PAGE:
Mishra feels this is because “an American CIO sees that [his/her] next wave of growth is going to come through technological innovation. But a large company in India knows that growth is going to come by expanding reach.  So, if I am able to grow 30%/ 40% without doing anything innovative why do I need to do that?” In essence, technology is not seen as necessary expenditure because it has not been the same driver for growth as consumer spending.

Mishra has no doubts that the startup scene will only become more advanced. “There are very smart people starting very smart things. Once that starts happening money will follow. Success is typically a combination of three things: opportunity, talent and capital. [Of course] I don’t expect the capital to change overnight, they will probably remain the same for the next year or two, but so many people with experience are starting interesting things, I expect a lot more interesting startups.”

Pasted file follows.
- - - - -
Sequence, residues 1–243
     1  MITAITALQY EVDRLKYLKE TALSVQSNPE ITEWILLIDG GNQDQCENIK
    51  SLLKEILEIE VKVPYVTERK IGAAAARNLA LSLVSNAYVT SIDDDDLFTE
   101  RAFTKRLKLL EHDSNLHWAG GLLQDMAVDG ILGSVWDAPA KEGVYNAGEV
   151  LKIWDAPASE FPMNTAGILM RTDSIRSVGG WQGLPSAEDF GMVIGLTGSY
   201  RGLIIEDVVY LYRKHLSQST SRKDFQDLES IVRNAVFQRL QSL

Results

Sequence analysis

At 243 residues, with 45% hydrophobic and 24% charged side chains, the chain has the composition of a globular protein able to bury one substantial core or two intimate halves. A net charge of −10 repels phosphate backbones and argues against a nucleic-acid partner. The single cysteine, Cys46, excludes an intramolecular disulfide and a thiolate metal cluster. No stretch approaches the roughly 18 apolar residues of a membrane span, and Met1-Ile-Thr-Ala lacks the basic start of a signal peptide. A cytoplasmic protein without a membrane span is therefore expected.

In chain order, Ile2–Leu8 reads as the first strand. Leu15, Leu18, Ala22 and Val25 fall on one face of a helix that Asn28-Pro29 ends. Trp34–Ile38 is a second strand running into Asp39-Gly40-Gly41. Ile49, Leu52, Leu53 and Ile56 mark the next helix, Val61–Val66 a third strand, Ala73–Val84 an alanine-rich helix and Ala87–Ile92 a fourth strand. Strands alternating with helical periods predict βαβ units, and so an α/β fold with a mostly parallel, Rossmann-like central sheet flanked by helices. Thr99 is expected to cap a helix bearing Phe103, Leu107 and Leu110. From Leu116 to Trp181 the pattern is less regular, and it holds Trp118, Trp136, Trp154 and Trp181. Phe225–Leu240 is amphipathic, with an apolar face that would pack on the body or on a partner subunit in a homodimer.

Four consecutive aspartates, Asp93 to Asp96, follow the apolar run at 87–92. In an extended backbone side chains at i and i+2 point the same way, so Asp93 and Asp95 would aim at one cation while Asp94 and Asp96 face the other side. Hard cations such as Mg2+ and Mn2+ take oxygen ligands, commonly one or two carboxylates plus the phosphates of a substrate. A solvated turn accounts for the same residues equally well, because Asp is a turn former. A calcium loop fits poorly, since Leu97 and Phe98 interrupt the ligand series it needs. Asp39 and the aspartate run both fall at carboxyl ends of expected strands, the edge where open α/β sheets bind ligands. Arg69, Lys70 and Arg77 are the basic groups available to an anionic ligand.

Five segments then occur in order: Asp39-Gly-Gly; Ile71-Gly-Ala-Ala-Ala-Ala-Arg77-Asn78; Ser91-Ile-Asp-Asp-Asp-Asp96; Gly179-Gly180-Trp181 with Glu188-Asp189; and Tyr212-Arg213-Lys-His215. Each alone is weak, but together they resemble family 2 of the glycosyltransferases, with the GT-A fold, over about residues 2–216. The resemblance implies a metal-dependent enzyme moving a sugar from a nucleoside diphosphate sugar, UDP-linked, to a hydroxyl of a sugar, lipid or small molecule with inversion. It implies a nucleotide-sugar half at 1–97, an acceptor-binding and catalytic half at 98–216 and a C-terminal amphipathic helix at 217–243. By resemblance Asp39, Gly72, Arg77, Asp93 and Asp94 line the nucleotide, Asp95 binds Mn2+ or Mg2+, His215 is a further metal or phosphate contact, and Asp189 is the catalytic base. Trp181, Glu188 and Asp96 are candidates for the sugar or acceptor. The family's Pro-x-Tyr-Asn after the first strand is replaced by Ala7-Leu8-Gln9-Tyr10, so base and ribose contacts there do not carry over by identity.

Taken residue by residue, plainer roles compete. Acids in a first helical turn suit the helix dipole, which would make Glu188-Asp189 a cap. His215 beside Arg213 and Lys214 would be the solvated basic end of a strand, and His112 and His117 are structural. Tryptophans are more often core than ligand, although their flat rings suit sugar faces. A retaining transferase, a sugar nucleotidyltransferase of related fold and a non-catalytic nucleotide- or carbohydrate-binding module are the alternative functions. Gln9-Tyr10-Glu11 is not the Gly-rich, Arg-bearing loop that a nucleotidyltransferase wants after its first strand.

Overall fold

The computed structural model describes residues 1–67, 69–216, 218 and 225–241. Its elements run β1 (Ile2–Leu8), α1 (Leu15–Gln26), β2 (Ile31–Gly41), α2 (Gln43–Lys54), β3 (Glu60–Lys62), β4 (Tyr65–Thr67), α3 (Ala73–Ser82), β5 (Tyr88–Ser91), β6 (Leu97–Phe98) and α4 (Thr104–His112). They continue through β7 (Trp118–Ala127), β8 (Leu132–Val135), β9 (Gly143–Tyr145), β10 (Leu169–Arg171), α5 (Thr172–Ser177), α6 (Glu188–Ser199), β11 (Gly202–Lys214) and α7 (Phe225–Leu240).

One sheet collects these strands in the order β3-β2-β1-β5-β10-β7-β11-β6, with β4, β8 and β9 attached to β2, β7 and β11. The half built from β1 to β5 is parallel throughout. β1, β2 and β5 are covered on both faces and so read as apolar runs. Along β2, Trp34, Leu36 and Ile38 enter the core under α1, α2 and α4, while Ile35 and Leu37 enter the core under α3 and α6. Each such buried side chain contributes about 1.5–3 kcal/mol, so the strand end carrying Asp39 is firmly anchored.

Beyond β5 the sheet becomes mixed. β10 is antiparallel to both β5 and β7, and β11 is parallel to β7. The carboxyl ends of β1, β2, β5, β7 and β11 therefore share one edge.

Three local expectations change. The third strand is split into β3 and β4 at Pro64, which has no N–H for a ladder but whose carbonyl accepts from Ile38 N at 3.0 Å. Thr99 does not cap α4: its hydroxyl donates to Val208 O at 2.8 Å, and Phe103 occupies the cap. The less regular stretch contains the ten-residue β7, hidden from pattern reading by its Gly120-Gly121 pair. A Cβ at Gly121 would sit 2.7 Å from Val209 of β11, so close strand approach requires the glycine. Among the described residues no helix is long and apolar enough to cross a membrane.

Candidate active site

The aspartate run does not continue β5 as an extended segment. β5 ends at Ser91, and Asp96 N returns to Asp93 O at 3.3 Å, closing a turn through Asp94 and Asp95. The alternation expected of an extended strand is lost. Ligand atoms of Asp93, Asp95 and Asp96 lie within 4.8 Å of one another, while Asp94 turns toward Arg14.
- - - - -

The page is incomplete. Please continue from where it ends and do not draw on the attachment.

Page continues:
Many people believe the challenges faced by Indian companies make for long term benefits elsewhere.  “[We want to] start by cracking India,” says Arwal. “The idea is to catch a niche, dominate, it then expand around it. We’re still two years away from moving out of India.”

“We see a lot of traction in Thailand, Singapore and after that Australia is a major place,” says Rohan Dighe. “One of the main factors for growth is when you enter a new market is not stick to what people are doing globally. If you consider SaaS everyone will tell you having a monthly subscription is the way to go and that is the only way you can do the billing. But in some local businesses flexibility is better. Adapting to the market really is the crux of the whole thing and that is what has worked in our favour.”

“If you’re able to innovate despite the challenges, you are able to figure out something immensely replicable all over the world,” concludes Mishra. “One of the things we talk about is – if I can pull this off here in India -   doing it in the rest of the world is going to be so much easier.”


Kathryn Cave is Editor at IDG Connect